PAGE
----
Saturday, August 29, 2009

ENGLISH GRAMMAR: ITS VS. IT'S

I guess it’s a sign that I’m getting on in years, but I miss the old grammar rules.

I always thought it was easy to determine the intelligence and education, not to mention the acumen and taste, of various people simply by reading what they wrote and how they wrote it.

If they showed they didn’t know basic English grammar -- when to use “it’s” and when to use “its,” for example (see above title) – I thought I had them pretty well figured out as people, even though I had never met them.

But all this has changed. Seated at my ‘pewter and logged on to the web, I can see that an entirely new language is being created. It’s a strange dialect, presumably based on English, which has taken over, and it pays no obeisance to, or even recognizes, rules of grammar, punctuation and spelling, not to mention capitalization or other outworn concepts. In addition, it relies heavily on acronyms and emoticons.

And yet, the internet folks often seem quite intelligent and manage to communicate very effectively using this new vernacular with their chat friends.

During my pedagogical years I was at times dismayed to find that such usages as “IIRC” and “IMO,” among others, were occasionally used by students writing their term papers. (No one used an emoticon, however, I’m pleased to add.) So are acronyms and emoticons, accompanied by a total lack of rules of English grammar, simply a short-term, ephemeral phenomenon, specific to internet communication, or does all this represent the real future of our written English language?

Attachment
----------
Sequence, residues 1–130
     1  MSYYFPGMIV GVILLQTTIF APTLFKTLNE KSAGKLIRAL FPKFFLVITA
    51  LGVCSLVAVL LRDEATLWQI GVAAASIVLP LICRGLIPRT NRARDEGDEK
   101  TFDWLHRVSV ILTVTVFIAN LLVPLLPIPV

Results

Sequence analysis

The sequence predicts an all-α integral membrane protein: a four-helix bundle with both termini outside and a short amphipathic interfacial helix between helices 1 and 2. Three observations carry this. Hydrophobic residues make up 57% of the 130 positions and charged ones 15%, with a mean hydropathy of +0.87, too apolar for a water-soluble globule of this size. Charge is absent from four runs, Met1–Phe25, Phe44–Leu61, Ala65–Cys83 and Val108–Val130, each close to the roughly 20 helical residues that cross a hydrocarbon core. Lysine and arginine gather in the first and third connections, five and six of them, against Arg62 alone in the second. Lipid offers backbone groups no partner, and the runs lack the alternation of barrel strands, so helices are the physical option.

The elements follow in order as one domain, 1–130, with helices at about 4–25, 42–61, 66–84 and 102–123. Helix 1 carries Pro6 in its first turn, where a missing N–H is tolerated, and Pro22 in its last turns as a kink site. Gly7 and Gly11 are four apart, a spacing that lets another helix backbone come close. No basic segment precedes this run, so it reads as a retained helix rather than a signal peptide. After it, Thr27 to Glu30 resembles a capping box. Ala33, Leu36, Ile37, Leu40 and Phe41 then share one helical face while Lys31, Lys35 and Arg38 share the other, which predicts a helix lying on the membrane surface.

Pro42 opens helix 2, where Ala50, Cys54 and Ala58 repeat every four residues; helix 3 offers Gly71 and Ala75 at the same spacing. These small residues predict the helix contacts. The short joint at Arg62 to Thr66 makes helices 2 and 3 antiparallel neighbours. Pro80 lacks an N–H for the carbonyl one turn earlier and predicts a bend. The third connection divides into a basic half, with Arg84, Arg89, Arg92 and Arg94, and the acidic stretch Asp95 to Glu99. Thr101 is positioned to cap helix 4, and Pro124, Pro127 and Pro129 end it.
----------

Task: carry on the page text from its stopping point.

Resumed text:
By the way, scientific research has established that “ACRONYM” stands for “A Crazy Reminder of Names You Misplaced.”

Question is, is this where our language is headed? Will this rough-hewn, stripped-down internet argot become Standard English one of these days? What’s your opinion?

4 comments:

Drowsey Monkey said...

The it's / its thing always bugged me. Altho, as you know, I do like to create my own spelling at times.

I think language will change and probably to a point it will drive me crazy ... fortunately I'll be dead by then. That's the main reason we all die around 80 or so - because by that time things have just changed so much it's too hard for us to handle ;)

Sorry for the emoticon. :P

Berowne said...

>>Altho, as you know, I do like to create my own spelling at times. <<

Yes, it's difficult to come up with hard and fast rules for spelling. We say honor, the UKers say honour. and up in Canada they don't write a check, they write a cheque.

> That's the main reason we all die around 80 or so. <<

You might want to revise that number up a decade or so. 80 is becoming the new 40!

As you may have guessed, I'm very new to this blogging thing. So I was glad to visit your blog; it had the personal style I would like to achieve here.

Tinsie said...

UKers also write a cheque ;-)

Personally, I get very frustrated with people who use the apostrophe incorrectly, as well as those who capitalise random words in the middle of their sentences. I have more tolerance for idiomatic spelling.

Berowne said...

...people who use the apostrophe incorrectly...

Did you read the book Eats, Shoots and Leaves?

 
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